4495

17. Cattanach BM, Iddon CA, Charlton HM, Chiappa SA, Fink G 1977 Gonadotrophin-releasing hormone deficiency in a mutant mouse with hypogonadism. Nature 269:338 –340 18. Wray S, Fueshko SM, Kusano K, Gainer H 1996 GABAergic neurons in the embryonic olfactory pit/vomeronasal organ: maintenance of functional GABAergic synapses in olfactory explants. Dev Biol 180:631– 645 19. Obata K, Oide M, Tanaka H 1978 Excitatory and inhibitory actions of GABA and glycine on embryonic chick spinal neurons in culture. Brain Res 144:179 –184 20. Cherubini E, Gaiarsa JL, Yehezkel B 1991 GABA: an excitatory transmitter in early postnatal life. Trends Neurosci 14:515–519 21. Wray S, Nieburgs A, Elkabes S 1989 Spatiotemporal cell expression of luteinizing hormone-releasing hormone in the prenatal mouse: evidence for an embryonic origin in the olfactory placode. Brain Res Dev Brain Res 46:309 –318 22. Maurer JA, Wray S 1997 Luteinizing hormone-releasing hormone (LHRH) neurons maintained in hypothalamic slice explant cultures exhibit a rapid LHRH mRNA turnover rate. J Neurosci 17:9481–9491 23. Roberts JL, Dutlow CM, Jakubowski M, Blum M, Millar RP 1989 Estradiol stimulates preoptic area-anterior hypothalamic proGnRH- GAP gene expression in ovariectomized rats. Brain Res Mol Brain Res 6:127–134 24. Kramer PR, Wray S 1997 Generation of cDNA libraries from single cells of murine olfactory explants– characterization of mRNA expression in LHRH neurons. Society for Neuroscience 23:1694 (Abstract 663.19) 25. Hales TG, Sanderson MJ, Charles AC 1994 GABA has excitatory actions on GnRH-secreting immortalized hypothalamic (GT1–7) neurons. Neuroendocrinology 59:297–308 26. Spergel D, Catt K, Rojas E 1996 Immortalized GnRH neurons express largeconductance calcium-activated potassium channels. Neuroendocrinology 63:101–111 27. Uemura T, Nishimura J, Yamaguchi H, Hiruma H, Kimura F, Minaguchi H 1997 Effects of noradrenaline on GnRH-secreting immortalized hypothalamic (GT1–7) neurons. Endocr J 44: 73–78 28. Kordon C, Drouva SV, Martinez de la Escaler G, Weiner RI 1994 Role of classic and peptide neuromediators in the neuroendocrine regulation of luteinizing hormone and prolactin. In: Knobil E, Neill JD (eds) The Physiology of Reproduction, ed. 2, Raven Press, New York, pp 1621–1681 29. Levine JE, Pau KY, Ramirez VD, Jackson GL 1982 Simultaneous measurement of luteinizing hormone-releasing hormone and luteinizing hormone release in unanesthetized, ovariectomized sheep. Endocrinology 111:1449 –1455 30. Gore AC, Roberts JL 1995 Regulation of gonadotropin-releasing hormone gene expression in the rat during the luteinizing hormone surge. Endocrinology 136:889 – 896 31. Fueshko SM, Key S, Wray S 1998 Luteinizing hormone releasing hormone (LHRH) neurons maintained in nasal explants decrease LHRH messenger ribonucleic acid levels after activation of GABAA receptors. Endocrinology 139:2734 –2740 32. Akhondzadeh S, Stone T 1996 Muscimol-induced long-term depression in the hippocampus: lack of dependence on extracellular calcium. Neuroscience 71:581–588 33. Javors MA, King TS, Chang X, Klein NA, Schenken RS 1995 Partial characterization of K(⫹)-induced increase in [Ca2⫹]cyt and GnRH release in GT1–7 neurons. Brain Res 694:49 –54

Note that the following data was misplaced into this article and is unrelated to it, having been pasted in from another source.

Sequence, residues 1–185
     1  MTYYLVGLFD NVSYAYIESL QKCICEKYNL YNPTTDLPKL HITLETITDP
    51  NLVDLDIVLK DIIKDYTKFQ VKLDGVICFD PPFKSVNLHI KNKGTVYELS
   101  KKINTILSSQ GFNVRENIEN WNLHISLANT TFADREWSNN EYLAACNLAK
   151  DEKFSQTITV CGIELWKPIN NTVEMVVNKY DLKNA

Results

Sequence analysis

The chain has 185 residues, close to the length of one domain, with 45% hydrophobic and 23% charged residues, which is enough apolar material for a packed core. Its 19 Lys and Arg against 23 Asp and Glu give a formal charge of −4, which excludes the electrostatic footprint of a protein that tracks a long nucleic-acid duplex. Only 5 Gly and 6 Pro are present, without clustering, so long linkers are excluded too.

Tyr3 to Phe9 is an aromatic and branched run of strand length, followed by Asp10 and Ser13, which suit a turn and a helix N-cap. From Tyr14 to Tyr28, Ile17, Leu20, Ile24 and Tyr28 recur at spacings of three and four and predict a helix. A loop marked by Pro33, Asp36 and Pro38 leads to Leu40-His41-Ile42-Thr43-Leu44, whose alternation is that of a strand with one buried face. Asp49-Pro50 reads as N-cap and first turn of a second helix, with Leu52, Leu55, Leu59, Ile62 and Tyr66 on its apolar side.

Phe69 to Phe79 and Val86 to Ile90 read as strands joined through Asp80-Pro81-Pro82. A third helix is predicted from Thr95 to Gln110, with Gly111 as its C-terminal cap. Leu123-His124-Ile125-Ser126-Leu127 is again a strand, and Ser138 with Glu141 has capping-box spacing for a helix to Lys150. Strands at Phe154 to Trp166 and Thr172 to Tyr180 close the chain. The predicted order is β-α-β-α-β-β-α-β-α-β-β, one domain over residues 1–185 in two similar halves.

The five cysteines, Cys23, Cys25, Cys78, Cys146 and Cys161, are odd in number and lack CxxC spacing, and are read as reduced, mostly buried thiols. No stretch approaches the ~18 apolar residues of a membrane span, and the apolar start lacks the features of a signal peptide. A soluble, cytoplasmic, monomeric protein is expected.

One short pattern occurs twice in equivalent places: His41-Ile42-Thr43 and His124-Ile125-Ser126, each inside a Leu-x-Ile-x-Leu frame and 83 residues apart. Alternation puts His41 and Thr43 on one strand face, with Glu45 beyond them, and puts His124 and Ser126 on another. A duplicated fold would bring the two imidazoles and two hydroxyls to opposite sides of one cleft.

Suggest Documents